Funeral home fits Highland, architect says

Its style, smaller scope championed at hearing

`Conditional use' zoning sought

Residents fear big edifice, more traffic at crossroads

January 14, 2003|By Jamie Smith Hopkins | Jamie Smith Hopkins,SUN STAFF

The large Colonial funeral home a developer hopes to add to the small country crossroads of Highland would not look out of place because common details of the town's buildings were included, its architect maintained last night.

Roughly 60 residents turned out at the same Howard County hearing to offer silent testimony to the contrary. For many of them, the debate over the funeral home is a struggle to save the essence of their community.

In the second night of meetings on the contentious case, the developer's team tried to convince the county's hearing examiner that the approximately 12,000-square-foot plan deserves "conditional use" permission to allow the funeral home to operate on land zoned for residential use.

The crossroads, where Route 108 and Highland Road meet, is dotted by a dozen or so small businesses, from an antiques shop to a saddlery. Souder Builders, the developer, would like to construct the funeral home on part of 4.1-acre parcel at the northwest corner of the intersection. Donaldson Funeral Home, based in Laurel, is interested in expanding there.

The rest of the land would be developed later, possibly with offices, shops and a pub, said Souder Builders' attorney, David A. Carney.

He said the developer modified the funeral home request last month and is now proposing a 120-seat chapel instead of one with 168 seats. Parking has been increased to 45 spaces, he said.

Architect Jeff Henneman said last night that Highland has a "wonderful, eclectic mix" of buildings and he took cues from them to design the proposed funeral home, including the steeply pitched roofs and clapboard siding.

"I think it would be a lovely addition to the village," he said. "I firmly believe that the building is compatible with what's there."

Henneman said the scale is "sympathetic" to its surroundings because he split the expansive structure into three sections connected by wings to make it seem smaller.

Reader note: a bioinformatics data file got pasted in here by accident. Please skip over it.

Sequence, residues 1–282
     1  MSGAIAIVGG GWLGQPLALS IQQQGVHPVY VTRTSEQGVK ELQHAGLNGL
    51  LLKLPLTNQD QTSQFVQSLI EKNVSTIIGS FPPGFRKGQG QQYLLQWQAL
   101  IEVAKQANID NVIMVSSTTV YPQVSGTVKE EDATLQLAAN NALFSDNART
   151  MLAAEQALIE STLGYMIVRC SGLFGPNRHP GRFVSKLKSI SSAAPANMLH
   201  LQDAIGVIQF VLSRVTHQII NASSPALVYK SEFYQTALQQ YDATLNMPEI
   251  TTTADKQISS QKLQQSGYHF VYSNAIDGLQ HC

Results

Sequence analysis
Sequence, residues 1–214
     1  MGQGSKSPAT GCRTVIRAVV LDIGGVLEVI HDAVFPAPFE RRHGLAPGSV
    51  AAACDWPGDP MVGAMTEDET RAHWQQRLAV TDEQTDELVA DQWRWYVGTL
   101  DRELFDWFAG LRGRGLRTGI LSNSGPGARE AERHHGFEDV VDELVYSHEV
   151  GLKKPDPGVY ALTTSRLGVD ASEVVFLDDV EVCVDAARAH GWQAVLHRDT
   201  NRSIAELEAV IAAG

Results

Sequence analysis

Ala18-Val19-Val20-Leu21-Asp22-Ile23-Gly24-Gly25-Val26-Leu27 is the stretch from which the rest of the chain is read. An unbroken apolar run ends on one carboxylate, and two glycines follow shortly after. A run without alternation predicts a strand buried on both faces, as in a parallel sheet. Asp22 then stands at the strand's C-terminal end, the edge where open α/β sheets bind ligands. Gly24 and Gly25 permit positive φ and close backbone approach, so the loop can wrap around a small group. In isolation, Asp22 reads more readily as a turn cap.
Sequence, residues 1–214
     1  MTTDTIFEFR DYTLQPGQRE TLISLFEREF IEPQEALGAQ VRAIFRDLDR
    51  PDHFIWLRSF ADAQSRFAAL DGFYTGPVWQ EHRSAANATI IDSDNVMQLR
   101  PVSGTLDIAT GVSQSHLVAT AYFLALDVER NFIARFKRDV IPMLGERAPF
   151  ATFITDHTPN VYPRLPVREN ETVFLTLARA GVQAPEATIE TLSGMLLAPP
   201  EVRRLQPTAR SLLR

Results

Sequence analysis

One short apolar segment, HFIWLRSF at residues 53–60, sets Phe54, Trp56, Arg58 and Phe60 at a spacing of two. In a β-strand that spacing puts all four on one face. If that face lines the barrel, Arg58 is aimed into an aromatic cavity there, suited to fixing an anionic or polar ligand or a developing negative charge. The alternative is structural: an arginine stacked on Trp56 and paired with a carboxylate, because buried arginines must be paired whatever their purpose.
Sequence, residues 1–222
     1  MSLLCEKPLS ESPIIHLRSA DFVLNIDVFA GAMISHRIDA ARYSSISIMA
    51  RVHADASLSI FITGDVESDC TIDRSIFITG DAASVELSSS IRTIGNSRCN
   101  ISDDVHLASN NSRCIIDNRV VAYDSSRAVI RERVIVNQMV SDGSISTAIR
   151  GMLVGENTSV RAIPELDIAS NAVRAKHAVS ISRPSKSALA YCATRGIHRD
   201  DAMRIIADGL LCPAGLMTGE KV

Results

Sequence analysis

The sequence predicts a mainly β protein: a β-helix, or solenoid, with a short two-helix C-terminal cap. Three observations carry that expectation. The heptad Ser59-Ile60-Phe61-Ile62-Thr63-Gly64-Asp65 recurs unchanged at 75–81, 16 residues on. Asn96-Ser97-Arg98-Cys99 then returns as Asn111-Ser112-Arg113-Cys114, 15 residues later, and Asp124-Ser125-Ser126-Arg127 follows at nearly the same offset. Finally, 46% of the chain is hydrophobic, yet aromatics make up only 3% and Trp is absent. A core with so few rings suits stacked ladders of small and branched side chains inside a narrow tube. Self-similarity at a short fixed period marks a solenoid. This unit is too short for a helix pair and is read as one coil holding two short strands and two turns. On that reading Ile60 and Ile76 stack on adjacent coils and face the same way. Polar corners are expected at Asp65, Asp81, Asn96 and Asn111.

The residents' attorney, William E. Erskine, was not impressed.

"Is it fair to say it's about three times as large as the normal residential building in Highland?" Erskine asked.

"Yes," agreed Henneman.

Erskine, suggesting that the funeral home would become the predominant structure in Highland, joked that the town would have to be renamed "Donaldsonville."

Residents opposing the funeral home had yet to put on their case by 8:30 p.m., but expected to begin last night and continue to a Jan. 27 hearing.

The county's Department of Planning and Zoning, which reviewed the original plan that called for 14,640 square feet, called it "contrary to the general character of Highland" and recommended denial.

Residents also say the funeral home would be too large for their small crossroads. They say the proposed building is sprawling compared with the little shops nearby, and they worry about traffic and parking problems.

They contend that a business of that size could spur the sort of transformation that happened in Clarksville, which not long ago was also a rural crossroads. Now it is a major commercial destination, an extension of Columbia's River Hill.

"Just in 10 years, Clarksville has dramatically changed," said Dan O'Leary, acting president of the Greater Highland Crossroads Association, which was formed last year in response to the development proposal.

"If you want this place to look like Clarksville, just ignore this [funeral home]. That's why we have to have these associations and be careful on all fronts," O'Leary said.

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